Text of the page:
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POINT OF VIEW
Since Steppenwolf is composed of three different first-person narratives, each of them contributes to the story of Harry Haller from a different point of view. The narrator of the Preface, the landlady's nephew, is a man of conventional opinions and prejudices who gives a portrait of Haller as he appears to the middle-class world. However, he makes some shrewd observations about Harry Haller's gifts, his unhappiness, and his way of life, which this observer calls "suicidal."
The second point of view is that of the Treatise on the Steppenwolf. The pamphlet is a psychological portrait of Harry. It is written in the first-person plural, but this appears to be an editorial "we" until near the end of the Treatise, when it refers to "our" mirrors and "our" Magic Theaters. From this hint the authors appear to be the ghostly Immortals whom Harry admires and hopes to join.
As the authors of the Treatise, the Immortals are all-knowing-indeed, they know more about Harry than anyone other than Harry himself. They explain the confusions and contradictions in his personality. They know his past and present life and they predict his possible future. They pass judgment on Harry's errors in self-understanding and instruct him how to do better. Their tone is that of patient professors speaking to a student who tries hard but is not very bright.
The third narrator is Harry Haller himself, and the novel becomes his first-person account of a magical, dreamlike experience. This narrative, which forms the bulk of the novel, has been interpreted in several ways: as a hallucinatory, drug-induced "trip," as a record of the author's actual psychoanalysis, and as an artist's exploration of his own dream world.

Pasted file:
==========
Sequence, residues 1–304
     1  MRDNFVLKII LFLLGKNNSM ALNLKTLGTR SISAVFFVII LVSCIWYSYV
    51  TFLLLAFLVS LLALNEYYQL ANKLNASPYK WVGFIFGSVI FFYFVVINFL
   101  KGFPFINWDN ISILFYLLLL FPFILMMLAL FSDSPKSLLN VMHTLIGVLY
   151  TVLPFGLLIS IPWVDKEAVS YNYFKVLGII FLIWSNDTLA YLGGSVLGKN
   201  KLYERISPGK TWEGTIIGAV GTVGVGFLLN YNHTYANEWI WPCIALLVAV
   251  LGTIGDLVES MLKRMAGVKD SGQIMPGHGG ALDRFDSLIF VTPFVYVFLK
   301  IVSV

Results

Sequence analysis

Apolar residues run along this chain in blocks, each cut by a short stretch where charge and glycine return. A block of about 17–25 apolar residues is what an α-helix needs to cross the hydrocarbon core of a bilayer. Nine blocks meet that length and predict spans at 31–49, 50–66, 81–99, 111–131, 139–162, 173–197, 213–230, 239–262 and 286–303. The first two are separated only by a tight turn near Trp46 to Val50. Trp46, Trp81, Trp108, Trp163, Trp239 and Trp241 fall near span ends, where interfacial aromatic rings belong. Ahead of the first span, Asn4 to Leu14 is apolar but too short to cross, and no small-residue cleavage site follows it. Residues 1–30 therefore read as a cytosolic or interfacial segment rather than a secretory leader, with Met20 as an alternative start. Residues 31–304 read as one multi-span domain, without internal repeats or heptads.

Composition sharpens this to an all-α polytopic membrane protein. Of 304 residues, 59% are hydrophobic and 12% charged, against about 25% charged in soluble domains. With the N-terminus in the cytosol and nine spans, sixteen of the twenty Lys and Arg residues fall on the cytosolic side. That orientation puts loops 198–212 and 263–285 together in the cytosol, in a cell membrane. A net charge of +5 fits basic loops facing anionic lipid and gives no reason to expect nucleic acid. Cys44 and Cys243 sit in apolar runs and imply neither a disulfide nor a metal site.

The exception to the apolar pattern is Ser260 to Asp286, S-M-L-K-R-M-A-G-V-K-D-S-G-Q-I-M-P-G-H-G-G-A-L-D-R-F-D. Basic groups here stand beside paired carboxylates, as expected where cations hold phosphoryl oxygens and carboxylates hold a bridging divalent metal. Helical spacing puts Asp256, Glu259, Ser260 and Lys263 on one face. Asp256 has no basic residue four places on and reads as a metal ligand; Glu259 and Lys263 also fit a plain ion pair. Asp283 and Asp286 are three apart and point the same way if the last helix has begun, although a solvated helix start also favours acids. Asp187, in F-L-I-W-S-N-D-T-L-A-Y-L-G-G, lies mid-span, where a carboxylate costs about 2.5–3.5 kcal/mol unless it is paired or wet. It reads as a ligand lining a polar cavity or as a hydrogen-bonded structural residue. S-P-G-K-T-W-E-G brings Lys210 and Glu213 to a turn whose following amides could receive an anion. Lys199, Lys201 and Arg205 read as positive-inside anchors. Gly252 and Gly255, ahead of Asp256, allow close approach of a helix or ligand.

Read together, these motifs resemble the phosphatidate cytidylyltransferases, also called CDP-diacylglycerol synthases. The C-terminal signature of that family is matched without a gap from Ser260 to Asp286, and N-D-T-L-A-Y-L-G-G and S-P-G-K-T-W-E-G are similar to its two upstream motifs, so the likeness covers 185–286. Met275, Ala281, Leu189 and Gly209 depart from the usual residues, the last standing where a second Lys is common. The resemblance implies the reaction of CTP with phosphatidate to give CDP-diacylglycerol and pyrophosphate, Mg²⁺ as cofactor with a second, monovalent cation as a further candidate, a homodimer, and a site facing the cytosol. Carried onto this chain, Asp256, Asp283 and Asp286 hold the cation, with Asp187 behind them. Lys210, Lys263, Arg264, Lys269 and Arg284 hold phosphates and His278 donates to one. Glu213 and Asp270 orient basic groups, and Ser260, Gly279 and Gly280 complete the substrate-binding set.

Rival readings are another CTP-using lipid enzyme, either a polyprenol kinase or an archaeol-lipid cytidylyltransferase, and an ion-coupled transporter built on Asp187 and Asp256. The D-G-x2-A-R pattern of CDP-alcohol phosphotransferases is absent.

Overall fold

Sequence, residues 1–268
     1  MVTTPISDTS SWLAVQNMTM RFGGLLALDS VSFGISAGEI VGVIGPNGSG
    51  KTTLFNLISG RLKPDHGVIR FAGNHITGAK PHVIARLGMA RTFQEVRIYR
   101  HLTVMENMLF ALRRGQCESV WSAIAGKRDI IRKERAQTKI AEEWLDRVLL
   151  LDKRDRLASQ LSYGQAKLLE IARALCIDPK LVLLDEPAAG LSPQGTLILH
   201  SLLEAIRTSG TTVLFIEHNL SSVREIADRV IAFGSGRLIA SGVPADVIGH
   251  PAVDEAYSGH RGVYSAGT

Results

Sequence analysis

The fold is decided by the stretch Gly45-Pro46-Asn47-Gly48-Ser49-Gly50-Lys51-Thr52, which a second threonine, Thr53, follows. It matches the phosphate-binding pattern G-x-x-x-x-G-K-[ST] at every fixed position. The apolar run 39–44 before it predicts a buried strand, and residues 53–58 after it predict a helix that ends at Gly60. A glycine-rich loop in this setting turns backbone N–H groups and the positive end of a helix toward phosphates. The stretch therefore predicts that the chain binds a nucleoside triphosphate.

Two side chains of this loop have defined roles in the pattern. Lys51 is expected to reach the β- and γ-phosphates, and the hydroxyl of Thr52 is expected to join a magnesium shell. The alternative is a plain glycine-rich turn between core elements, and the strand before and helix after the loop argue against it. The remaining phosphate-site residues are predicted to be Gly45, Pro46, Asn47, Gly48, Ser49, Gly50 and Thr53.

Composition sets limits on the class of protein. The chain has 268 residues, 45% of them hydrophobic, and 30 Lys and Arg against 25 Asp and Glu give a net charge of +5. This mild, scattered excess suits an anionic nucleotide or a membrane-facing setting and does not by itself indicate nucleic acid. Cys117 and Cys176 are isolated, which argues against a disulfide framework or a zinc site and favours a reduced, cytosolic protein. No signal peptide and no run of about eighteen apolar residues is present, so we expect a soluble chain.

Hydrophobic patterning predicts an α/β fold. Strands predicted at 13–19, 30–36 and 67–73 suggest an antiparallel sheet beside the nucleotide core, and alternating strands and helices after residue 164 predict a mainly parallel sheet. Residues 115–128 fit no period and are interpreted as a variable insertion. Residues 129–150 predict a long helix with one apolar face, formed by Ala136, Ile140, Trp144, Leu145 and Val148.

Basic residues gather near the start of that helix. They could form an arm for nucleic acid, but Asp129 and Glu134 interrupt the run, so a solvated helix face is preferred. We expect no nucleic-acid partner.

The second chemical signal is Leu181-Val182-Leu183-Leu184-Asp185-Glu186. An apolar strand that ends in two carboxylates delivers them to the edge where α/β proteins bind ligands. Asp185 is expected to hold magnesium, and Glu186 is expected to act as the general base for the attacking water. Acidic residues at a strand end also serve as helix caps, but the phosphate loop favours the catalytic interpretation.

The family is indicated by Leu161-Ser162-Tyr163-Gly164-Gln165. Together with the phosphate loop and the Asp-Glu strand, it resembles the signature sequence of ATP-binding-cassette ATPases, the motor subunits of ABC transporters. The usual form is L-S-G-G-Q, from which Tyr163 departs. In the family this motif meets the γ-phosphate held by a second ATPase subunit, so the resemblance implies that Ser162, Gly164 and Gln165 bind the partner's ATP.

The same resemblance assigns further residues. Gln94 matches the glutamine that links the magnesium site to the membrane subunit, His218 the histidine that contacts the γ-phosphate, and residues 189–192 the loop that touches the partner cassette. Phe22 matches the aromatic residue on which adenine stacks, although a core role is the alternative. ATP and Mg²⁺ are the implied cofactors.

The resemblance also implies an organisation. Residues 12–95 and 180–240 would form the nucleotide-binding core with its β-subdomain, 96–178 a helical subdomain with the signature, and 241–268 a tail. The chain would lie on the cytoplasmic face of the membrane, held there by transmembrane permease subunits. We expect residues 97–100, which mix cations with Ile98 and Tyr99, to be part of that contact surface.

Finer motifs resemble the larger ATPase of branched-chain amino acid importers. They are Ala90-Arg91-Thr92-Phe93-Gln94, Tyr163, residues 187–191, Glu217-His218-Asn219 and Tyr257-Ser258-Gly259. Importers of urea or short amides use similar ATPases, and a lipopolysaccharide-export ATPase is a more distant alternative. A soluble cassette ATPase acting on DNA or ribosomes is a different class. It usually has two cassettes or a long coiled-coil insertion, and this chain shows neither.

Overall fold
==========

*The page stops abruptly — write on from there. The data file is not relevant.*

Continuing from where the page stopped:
The first interpretation-that the novel represents a drug-induced "trip"- triggered the wave of popularity for both the book and its author with the American drug culture of the Sixties. Ironically, this is the least likely of the three interpretations. Hesse's biographers are all in agreement that this respectable middle-aged intellectual was neither a drug user nor an advocate of drug use. His most radical, "anti-establishment" principles were his anti-war and anti-Nazi stands.
One possibility for you to consider is that all three points of view are intended by the author as Harry Haller's-or Hesse's-own view of himself.
The first narrator is Haller/Hesse imagining how he appears to the middle-class society that he detests.
The second, the "we" of the Treatise, would be a psychological self-portrait as he might see himself, looking down like the Immortals from a detached, superior height.
The third is Haller/Hesse pursuing the solution to his difficulties through the labyrinth of his unconscious. Obviously Hesse, as the author, is the creator of all three narrators. But if you like this further twist-that both the nephew's and the Immortals' account of Haller are also Haller's own creations-then you may see in it a streak of Hesse's humor.